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  • Unknown KD tool?

    It's taken me a couple of weeks to clean, organize two tool boxes of tools and I ran across this I can't identify. Apex Tool Co. bought K-D tool, I emailed and even they don't know what it is.
    It's marked "K-D MFG. NO. 361
    Made in USA "
    It's 2 1/2" long, 3/4" across. One end recessed 1/2", 1/2" deep, not threaded.
    Other end tapered and domed. Anyone know what it is? Thanks!

    Sent from my SM-S320VL using Tapatalk

  • #2
    The domed end looks like a striking face.
    It could be some specialty tool for dealer level service like a dowel pin driver for one particular job on an engine/trans/whatever. Dealerships are full of special tools that would make you say "WTF is this" if you never saw them before.

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    • #3
      A tool to pound on to shock a small engine flywheel loose from the crankshaft ?

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      • #4
        Looks almost like a handle for something. I agree that the domed end looks like a striking face. Weird dimensions for a recess meant to hold a tool though. Maybe something meant to fit over the outer race of a bearing so it can be tapped into place?

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        • #5
          I have a flywheel tool just like that.

          BYW, does not work worth a tinker's curse. I use a puller when possible.
          CNC machines only go through the motions

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          • #6
            It looks like a crimping tool to crimp the edge of the hole of a Model A when a new wheel stud was inserted into the brake drum/spindle assembly. This prevented the drum from coming off when wheel was removed

            Sarge41

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            • #7
              That's a long time discontinued item.
              My old KD catalog lists the item numbers in numerical order in the back of the book, it jumps from 298 to 379.
              KD had a lot of knick nack items, if they weren't big sellers they would discontinue them.
              I remember a lot of KD stuff that sat on the spinning display rack at the local auto parts store and collected dust.
              They did have a lot of very good useful specialty tools. Apparently #361 wasn't one of them.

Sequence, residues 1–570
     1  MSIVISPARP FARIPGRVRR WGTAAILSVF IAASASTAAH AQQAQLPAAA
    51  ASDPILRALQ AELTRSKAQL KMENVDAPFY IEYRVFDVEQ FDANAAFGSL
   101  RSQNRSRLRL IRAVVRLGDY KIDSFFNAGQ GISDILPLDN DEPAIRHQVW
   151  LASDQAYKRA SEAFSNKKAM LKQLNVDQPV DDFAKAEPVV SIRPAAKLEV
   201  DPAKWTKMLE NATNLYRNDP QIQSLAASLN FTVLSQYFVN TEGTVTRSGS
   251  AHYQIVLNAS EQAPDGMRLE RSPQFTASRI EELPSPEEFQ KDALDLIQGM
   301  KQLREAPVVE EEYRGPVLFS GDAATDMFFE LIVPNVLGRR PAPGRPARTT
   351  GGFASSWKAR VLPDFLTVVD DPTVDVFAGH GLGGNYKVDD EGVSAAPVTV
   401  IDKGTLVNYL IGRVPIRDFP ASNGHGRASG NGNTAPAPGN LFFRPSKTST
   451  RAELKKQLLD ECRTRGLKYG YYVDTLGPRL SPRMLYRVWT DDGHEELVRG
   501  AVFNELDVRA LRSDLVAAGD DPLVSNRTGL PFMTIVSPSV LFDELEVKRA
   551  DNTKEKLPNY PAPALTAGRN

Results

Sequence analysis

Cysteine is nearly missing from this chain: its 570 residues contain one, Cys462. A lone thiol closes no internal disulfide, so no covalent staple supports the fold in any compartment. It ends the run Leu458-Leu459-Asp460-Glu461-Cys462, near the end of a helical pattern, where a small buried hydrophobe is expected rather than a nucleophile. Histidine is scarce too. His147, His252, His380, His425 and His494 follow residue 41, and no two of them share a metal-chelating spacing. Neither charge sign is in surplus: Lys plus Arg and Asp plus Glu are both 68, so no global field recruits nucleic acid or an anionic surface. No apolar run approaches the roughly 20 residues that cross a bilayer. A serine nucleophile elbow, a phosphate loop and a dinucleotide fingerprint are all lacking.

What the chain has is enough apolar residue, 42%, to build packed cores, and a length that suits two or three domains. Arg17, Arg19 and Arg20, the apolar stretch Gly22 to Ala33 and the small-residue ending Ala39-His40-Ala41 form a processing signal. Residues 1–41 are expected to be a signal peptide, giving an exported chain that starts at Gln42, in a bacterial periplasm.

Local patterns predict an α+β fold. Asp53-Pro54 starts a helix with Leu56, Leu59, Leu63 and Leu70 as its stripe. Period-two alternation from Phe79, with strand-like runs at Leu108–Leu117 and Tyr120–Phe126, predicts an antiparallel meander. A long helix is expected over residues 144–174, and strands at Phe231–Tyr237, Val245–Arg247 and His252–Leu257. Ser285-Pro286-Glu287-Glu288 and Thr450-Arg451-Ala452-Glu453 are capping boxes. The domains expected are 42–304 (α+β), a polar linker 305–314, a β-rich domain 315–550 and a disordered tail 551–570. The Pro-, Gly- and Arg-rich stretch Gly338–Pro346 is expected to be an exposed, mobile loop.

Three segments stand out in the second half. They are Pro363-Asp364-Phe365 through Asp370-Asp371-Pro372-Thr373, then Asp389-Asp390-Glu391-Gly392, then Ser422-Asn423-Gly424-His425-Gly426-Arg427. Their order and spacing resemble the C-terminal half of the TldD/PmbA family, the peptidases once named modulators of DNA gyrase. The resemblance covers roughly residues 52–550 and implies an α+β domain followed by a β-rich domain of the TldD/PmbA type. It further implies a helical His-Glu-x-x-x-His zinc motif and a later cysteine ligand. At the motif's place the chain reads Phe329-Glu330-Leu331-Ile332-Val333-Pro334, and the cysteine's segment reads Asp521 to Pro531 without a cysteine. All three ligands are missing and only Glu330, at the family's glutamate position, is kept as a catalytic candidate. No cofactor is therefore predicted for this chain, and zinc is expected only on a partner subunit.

JL...............
              Last edited by JoeLee; 03-24-2018, 07:30 PM.

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              • #8
                Wheel lock remover. JR

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                • #9
                  Its a flywheel remover for older Briggs & Stratton engones that have the screw on type clutch for the recoil starter. You unscrew the clutch and put that tool over the stub on end of
                  the crankshaft and hit it with a hammer & flywheel will pop off the crank taper.

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                  • #10
                    Many decades ago we used a similar idea on the old outboard motors with ignitions under the flywheel. You could crank on a 3 stud puller (tapped holes in the flywheel) and either bust a gut, bolt, or a flywheel without success, but a light tap on the top of the puller stud with a 12oz ball pein hammer and the flywheel would pop right off. Thinking about it now, that taper might have been right on the edge of being a locking taper, not that I knew that back then.

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                    • #11
                      Originally posted by Wheels17 View Post
                      Many decades ago we used a similar idea on the old outboard motors with ignitions under the flywheel. You could crank on a 3 stud puller (tapped holes in the flywheel) and either bust a gut, bolt, or a flywheel without success, but a light tap on the top of the puller stud with a 12oz ball pein hammer and the flywheel would pop right off. Thinking about it now, that taper might have been right on the edge of being a locking taper, not that I knew that back then.
                      It's amazing how many folks don't realize this.
                      I've seen lots of guys wrenching while horking their guts out tightening the bajeezus out of puller, and like you say often breaking stuff. When a simple smack with a hammer on the end of the puller's center stud would have popped it apart about 3 turns ago. And stuff isn't flying across the room either when it lets go. LOL
                      Home, down in the valley behind the Red Angus
                      Bad Decisions Make Good Stories​

                      Location: British Columbia

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                      • #12